State of New York Supreme Court, Appellate Division Third Judicial Department
April 14, 2011
IN THE MATTER OF THE CLAIM OF GLORIA BROWN, RESPONDENT. LINCOLN CENTER FOR THE PERFORMING ARTS, INC.,
APPELLANT. COMMISSIONER OF LABOR, RESPONDENT.
Appeal from a decision of the Unemployment Insurance Appeal Board, filed March 29, 2010, which ruled that claimant was entitled to receive unemployment insurance benefits.
MEMORANDUM AND ORDER
Calendar Date: February 28, 2011
Before: Peters, J.P., Rose, Kavanagh, McCarthy and Egan Jr., JJ.
Claimant worked for over nine years as a security guard at a performing arts center. She had a history of disciplinary violations. In May 2008, following an incident in which she left her post without authorization, claimant entered into a last chance agreement providing that her employment would be terminated if she committed further disciplinary infractions. In December 2009, claimant met with representatives of the employer to discuss certain policy violations, including her failure to dress in the appropriate manner and to remain attentive at her post. Claimant became loud and disruptive during the meeting, engaged in a heated verbal exchange with her supervisor and the meeting was prematurely ended as a result. Another meeting was scheduled for early January 2010 to decide the fate of claimant's employment. Claimant's union representative was present at the meeting. Claimant's employment was terminated soon thereafter and she was initially denied unemployment insurance benefits. Following a hearing, an Administrative Law Judge concluded that claimant was terminated for misconduct and upheld the initial determination. The Unemployment Insurance Appeal Board, however, overruled this decision and awarded claimant benefits upon finding that the employer had not enforced the last chance agreement by allowing claimant to commit other disciplinary infractions without consequence prior to the December 2009 meeting. The employer now appeals.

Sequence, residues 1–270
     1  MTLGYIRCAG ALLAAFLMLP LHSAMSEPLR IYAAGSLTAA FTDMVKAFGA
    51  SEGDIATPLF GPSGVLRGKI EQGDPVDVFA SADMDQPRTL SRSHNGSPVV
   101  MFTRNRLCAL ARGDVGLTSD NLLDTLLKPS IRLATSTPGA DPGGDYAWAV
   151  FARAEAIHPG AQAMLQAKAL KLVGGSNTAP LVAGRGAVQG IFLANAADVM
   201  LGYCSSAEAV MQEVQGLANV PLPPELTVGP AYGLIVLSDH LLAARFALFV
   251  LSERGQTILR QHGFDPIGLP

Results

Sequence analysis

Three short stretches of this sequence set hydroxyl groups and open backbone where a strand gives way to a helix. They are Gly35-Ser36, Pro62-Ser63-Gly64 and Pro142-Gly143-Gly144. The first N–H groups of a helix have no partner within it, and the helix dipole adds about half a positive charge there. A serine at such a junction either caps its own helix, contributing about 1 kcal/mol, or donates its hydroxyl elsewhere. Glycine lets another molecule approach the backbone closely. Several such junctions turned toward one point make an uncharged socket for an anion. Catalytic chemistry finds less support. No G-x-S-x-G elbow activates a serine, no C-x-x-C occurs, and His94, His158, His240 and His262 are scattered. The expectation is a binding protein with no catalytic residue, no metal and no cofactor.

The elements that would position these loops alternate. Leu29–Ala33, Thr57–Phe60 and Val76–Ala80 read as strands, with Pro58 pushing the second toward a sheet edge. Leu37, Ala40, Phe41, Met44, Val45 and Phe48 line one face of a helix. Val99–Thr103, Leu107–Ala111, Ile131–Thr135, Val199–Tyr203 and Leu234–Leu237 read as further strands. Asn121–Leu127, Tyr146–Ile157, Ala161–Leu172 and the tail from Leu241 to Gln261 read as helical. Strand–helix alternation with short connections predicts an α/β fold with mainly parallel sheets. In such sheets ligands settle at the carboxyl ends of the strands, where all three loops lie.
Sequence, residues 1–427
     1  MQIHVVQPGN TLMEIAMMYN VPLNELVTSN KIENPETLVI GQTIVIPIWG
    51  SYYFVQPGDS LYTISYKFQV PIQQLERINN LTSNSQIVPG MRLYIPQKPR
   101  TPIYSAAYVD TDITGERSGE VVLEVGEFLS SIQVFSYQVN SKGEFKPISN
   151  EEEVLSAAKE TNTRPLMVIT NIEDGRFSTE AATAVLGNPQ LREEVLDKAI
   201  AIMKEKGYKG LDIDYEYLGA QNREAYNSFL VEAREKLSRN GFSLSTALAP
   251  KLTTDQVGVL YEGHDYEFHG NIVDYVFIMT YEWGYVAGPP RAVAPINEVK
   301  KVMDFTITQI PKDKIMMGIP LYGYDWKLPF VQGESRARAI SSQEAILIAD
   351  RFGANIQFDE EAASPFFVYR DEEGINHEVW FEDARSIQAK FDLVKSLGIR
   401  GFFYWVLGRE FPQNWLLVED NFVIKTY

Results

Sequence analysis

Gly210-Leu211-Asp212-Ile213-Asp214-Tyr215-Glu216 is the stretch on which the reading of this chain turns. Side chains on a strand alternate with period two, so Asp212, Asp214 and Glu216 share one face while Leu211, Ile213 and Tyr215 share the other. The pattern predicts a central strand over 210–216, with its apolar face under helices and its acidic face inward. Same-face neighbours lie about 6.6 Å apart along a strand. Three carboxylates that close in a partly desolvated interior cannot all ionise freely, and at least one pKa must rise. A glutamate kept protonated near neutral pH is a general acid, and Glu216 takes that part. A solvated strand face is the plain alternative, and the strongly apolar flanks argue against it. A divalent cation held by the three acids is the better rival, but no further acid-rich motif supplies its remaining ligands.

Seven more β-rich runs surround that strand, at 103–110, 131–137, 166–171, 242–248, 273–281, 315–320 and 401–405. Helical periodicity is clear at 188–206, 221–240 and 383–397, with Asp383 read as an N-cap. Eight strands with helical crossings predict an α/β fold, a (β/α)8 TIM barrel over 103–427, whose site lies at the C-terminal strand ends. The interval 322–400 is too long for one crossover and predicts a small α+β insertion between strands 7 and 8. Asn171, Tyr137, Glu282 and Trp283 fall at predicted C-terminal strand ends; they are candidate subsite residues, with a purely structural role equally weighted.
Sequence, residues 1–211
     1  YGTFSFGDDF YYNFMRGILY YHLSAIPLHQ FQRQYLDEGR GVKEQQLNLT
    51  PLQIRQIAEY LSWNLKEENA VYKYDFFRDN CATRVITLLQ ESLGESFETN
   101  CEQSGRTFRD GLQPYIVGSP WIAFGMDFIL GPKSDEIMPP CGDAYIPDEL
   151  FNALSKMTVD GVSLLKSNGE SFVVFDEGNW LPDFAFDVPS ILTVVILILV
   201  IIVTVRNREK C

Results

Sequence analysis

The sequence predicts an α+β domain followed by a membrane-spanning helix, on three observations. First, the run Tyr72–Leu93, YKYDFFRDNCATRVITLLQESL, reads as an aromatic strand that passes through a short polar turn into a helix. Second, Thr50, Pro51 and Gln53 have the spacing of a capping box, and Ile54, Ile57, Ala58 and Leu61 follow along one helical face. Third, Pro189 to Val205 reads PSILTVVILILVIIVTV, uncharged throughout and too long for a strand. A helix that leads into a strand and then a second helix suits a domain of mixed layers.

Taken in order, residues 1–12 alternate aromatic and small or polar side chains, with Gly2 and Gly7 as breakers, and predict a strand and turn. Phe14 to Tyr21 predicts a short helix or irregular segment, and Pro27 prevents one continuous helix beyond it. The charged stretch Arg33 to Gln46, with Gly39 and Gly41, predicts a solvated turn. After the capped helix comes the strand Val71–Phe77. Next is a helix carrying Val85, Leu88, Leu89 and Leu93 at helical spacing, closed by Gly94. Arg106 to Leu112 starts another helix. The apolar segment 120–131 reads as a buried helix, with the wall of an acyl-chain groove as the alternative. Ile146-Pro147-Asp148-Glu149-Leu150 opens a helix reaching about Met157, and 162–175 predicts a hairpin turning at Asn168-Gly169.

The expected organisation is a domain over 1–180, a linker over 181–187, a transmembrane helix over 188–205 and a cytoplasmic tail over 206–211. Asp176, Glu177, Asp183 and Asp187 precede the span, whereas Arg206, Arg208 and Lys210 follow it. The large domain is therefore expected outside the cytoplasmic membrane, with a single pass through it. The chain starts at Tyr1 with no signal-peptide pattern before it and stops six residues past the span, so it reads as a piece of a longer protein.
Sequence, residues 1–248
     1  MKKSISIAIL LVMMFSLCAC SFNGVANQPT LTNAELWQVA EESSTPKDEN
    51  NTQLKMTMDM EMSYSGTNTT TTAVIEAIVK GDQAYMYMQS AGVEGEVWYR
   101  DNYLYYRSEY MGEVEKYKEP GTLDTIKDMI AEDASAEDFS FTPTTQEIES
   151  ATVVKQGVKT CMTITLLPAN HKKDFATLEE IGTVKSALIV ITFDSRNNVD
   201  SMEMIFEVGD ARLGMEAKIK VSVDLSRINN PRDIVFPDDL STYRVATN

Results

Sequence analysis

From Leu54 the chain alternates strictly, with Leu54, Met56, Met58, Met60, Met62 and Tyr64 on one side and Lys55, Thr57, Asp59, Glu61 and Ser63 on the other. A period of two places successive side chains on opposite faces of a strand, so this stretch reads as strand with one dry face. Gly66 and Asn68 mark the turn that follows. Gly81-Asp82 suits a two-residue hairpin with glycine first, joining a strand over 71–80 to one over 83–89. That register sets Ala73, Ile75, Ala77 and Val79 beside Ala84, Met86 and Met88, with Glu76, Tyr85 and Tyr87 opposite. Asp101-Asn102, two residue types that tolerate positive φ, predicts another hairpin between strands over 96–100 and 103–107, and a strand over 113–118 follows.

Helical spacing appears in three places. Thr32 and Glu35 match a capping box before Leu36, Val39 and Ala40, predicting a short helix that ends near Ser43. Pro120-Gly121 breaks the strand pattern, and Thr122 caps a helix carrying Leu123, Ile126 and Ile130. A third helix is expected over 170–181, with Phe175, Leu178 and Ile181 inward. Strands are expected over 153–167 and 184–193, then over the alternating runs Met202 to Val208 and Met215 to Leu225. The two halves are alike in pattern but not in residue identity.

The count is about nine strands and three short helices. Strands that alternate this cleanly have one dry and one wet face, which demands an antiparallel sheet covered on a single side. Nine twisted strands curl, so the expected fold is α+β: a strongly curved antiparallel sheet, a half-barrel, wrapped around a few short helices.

Initially, we note that insubordinate behavior and/or disrespectful conduct toward a supervisor has been held to constitute misconduct disqualifying a claimant from receiving unemployment insurance benefits (see Matter of Setzer [Commissioner of Labor], 69 AD3d 1087, 1087 ; Matter of Parker [Commissioner of Labor], 67 AD3d 1235, 1236 ). The record here contains ample evidence that claimant became loud, boisterous and disrespectful toward her supervisor during the December 2009 meeting. This clearly amounted to insubordination violative of the last chance agreement and was the equivalent of disqualifying misconduct (see Matter of Teixeira [Commissioner of Labor], 69 AD3d 1285, 1285 ; Matter of Auguste [Commissioner of Labor], 61 AD3d 1242, 1242-1243 ). Contrary to the Board's finding, the record is devoid of evidence establishing that the employer neglected to enforce the last chance agreement with respect to disciplinary infractions committed by claimant prior to the December 2009 meeting and that claimant was somehow misled thereby. While the employer's director of human resources testified that claimant committed some minor violations, the nature and extent of them were not disclosed. In any event, it was the employer's prerogative to determine if they rose to the level of misconduct warranting termination and the director stated that they did not. In view of the foregoing, we find that substantial evidence does not support the Board's decision awarding claimant benefits.
Peters, J.P., Rose, Kavanagh, McCarthy and Egan Jr., JJ., concur.
ORDERED that the decision is reversed, without costs, and matter remitted to the Unemployment Insurance Appeal Board for further proceedings not inconsistent with this Court's decision.
Robert D. Mayberger Clerk of the Court
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